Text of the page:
Admittedly, the ultimate effect of Scurfield J.’s conclusion is likely negligeble as he acknowledged that because “such clauses are frequently dispositive of jurisdictional issues” they must be dealt with before the questions of jurisdiction simpliciter or forum non conveniens. Thus, for all practical purposes, a forum selection clause is still considered separately from the broader issue of forum non conveniens.

Finally, a third point which I found interesting albeit not very novel was Scurfield J.’s conclusion that a particular legal rule, which exists in only one of the argued jurisdictions, and which recognizes the plaintiff’s claim, constitutes a valid juridical advantage to be considered by the court in deciding whether that jurisdiction is forum conveniens:

113       Generally, a plaintiff is entitled to any juridical advantage that flows from a jurisdiction that is otherwise appropriately selected:  Ward.  In the result, the question of juridical advantage is one that either favours the plaintiff’s choice of forum or is neutral.

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Retroactive Jurisdictional Rules and Inter-jurisdictional Trusts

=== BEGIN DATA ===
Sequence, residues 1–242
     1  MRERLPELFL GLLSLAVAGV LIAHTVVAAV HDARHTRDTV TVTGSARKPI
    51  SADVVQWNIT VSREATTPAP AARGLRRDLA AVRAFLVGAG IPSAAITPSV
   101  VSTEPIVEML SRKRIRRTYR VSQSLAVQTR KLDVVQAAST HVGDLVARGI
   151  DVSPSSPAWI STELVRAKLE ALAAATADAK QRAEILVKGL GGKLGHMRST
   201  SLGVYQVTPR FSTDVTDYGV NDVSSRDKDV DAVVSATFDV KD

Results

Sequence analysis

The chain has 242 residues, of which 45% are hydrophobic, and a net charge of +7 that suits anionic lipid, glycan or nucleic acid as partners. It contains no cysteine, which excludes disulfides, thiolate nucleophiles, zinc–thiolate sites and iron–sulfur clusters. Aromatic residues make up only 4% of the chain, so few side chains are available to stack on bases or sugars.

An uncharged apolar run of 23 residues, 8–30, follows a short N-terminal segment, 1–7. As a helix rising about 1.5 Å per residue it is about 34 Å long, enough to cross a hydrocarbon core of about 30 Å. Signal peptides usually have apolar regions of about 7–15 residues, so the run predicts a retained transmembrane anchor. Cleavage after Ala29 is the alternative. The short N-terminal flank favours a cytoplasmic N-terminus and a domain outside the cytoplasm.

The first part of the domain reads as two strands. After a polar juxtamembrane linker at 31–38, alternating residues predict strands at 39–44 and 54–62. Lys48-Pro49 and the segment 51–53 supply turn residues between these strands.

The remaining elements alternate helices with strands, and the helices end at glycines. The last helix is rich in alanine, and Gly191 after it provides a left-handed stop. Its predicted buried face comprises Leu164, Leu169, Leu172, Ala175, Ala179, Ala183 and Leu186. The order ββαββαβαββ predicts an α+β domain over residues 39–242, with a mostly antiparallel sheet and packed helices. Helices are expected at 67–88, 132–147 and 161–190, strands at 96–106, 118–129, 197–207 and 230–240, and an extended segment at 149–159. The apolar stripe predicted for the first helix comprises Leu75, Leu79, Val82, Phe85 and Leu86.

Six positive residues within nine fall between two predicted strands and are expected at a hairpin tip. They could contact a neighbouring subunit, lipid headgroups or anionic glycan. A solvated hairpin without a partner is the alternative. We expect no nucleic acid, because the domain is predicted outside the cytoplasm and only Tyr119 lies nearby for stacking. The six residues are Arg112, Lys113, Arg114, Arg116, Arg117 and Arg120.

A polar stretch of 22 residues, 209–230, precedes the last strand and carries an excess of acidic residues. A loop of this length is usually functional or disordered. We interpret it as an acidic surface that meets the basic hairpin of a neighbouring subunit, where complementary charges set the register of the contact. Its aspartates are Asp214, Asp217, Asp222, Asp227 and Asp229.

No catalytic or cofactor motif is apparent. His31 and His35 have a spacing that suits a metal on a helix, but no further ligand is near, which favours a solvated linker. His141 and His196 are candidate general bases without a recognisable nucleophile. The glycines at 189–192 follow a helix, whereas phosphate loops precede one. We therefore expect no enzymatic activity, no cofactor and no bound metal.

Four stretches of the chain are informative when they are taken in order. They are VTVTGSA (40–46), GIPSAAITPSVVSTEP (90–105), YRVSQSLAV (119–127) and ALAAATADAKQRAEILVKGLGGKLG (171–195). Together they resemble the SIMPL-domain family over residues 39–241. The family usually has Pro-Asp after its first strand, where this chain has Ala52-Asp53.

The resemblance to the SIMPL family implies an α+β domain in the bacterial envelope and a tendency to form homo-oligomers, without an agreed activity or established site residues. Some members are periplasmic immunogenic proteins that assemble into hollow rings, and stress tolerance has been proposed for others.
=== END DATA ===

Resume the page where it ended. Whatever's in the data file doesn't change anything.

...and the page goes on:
Posted by Seva on April 18, 2008

As the title says, the recent decision of BCSC in Rakunas v. SAL, 2008 BCSC 444, briefly addresses both of the above issues. The case concerned an alleged trust, in which the defendant British Virgin Islands corporation, extra-provincially registered in BC, was alleged to be a bare trustee holding a property in Whistler in trust for its shareholders, the plaintiff, and the personal defendant Murphy, neither of whom were resident in BC Rakunas and Murphy were the sole and equal shareholders in SAL, as well as its officers and directors. Rakunas launched the action in 2005, seeking to wind up the alleged trust and sell of the property. Murphy argued that the court lacked jurisdiction simpliciter and that BC was forum non conveniens because the dispute was ultimately a shareholder dispute within a BVI corporation and had nothing to do with BC. SAL entered a response, but did not file any pleadings.

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Exclusive and Concurrent Jurisdiction Clauses

Posted by Seva on March 17, 2008

The question of the day is when does a forum selection clause in a contract really provide for exclusive jurisdiction of a court? Especially if it does not say “exclusive” (although even if it does that may not be the end of it)? A recent decision of Mr. Justice McEwan in B. A. Blacktop Ltd. v. Gencor Industries Inc., 2008 BCSC 231 reinforces the argument that exclusive jurisdiction can arise without an exclusive label.

On the one hand…

In a 1999 case Old North State Brewing Co. v. Newlands Services Inc., the BCCA found that the following clause did not cause the parties to attorn to the exclusive jurisdiction of B.C. court:

This Agreement will be governed by and interpreted in accordance with the laws of the Province of British Columbia, Canada and the parties will attorn to the jurisdiction of the Courts of the Province of British Columbia, Canada.